A tube amplifier is an electronic amplifier in which electron tubes are used to amplify low-frequency electrical signals . With the advent of semiconductor electronics , tube amplifiers for audio amplifiers were largely replaced by amplifier circuits with semiconductor components ( transistors ). However, electron tubes are still used today in guitar amplifiers and some high-fidelity amplifiers, especially in the so-called high-end segment.
Circuit principles of audio tube amplifiers
Two basic examples of LF amplifier circuit technology with tubes provide an insight into how they work.
Single ended amplifier mode A
The circuit diagram shows a single-ended amplifier with an end pentode in a cathode-base circuit, both the positive and the negative half-wave of the input signal are processed by this one tube. The only possibility of an approximately linear amplification of the two signal parts is to select the operating point A on the U g - I a characteristic curve (input characteristic curve) of the amplifier tube, which lies in the middle of the straight line part of the characteristic curve, which results in an unfavorable high quiescent current through the tube and a results in less advantageous efficiency of the amplifier - the classification of the operating mode of the amplifier relates to the position of this operating point .
The coupling capacitor C1 separates DC voltage components of the signal to be amplified and thus prevents a shift in the operating point. The very high resistance R1 serves to keep the control grid at ground potential in terms of DC voltage. The cathode resistor R2 is responsible for generating the grid bias ; its value determines the operating point of the tube. The cathode becomes positive due to the cathode current flowing through R2 and the associated voltage drop compared to the grid, the resulting negative grid bias is automatically regulated depending on the cathode current (static negative feedback for stabilizing the operating point). The resistor R2 should for an A amplifier with a pentode EL84 z. B. have the value 135 Ω, which generates a grid bias of −7.2 volts. An incorrectly dimensioned cathode resistor R2 results in asymmetrical operation in which one half-wave of the output signal is limited significantly earlier than the other. This reduces the usable linear dynamic range and creates distortions.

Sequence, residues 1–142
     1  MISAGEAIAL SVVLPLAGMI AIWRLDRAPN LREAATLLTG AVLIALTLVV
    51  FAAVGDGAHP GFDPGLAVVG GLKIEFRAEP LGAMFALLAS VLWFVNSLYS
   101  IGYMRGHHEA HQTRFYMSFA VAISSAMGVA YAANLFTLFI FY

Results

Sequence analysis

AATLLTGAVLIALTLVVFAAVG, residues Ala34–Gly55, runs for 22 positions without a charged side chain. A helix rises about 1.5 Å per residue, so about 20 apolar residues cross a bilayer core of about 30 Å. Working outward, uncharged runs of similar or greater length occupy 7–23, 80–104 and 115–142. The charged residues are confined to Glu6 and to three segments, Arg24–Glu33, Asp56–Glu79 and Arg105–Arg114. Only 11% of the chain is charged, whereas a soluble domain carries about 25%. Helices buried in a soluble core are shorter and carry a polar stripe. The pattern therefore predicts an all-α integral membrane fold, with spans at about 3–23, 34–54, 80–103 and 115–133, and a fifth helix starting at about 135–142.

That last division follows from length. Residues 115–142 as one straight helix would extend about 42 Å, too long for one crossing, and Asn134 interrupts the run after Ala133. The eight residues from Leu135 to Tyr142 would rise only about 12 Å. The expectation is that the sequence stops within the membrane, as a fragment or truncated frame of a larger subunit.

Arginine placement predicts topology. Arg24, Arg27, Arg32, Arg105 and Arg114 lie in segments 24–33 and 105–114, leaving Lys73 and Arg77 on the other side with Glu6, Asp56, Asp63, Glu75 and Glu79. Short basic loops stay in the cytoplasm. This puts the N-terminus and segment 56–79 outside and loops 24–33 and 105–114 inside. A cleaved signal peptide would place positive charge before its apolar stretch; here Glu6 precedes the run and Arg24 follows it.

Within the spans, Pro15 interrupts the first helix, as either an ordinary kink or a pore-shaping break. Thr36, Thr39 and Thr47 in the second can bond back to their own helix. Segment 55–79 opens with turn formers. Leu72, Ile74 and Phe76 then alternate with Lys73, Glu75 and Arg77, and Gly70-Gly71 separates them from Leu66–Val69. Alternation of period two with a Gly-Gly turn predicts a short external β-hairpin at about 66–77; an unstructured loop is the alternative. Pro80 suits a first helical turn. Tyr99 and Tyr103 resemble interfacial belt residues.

The capacitor C2 is used to bridge the resistor R2 in terms of AC voltage. The limit angular frequency 1 / (R2 · C2) of the negative feedback defines the limit below which the gain is reduced. If C2 is omitted, the amplifier is also fed back in terms of AC voltage, which reduces both the gain and the distortion.
The output transformer separates the loudspeaker from the high anode voltage and transforms the high output impedance of the output tube ( 5.2 kOhm for an EL84 end pentode in single-ended A mode) to the low impedance value of a dynamic loudspeaker.
In contrast to the circuit diagram above, the screen grid of the end tube to limit the screen grid current is usually connected to the anode voltage via a resistor. It serves to increase the dynamic range and the efficiency by maintaining the anode current even with low anode voltages through its electric field.
Advantages of the Class A tube single-ended principle:
- The simplest circuit concept with few components in the signal path.
- No phase splitting required as with the push-pull output stage.
- No power takeover distortion at low volume.
- Lack of linearity if (as in the above circuit) no negative feedback is used and the output transformer is premagnetized on one side by the continuously flowing anode current. The desire for a reduced distortion factor led to the invention of negative feedback .
- Low efficiency and high power dissipation .
- High demands on the residual ripple of the anode voltage, especially with headphone amplifiers (hum sensitivity) .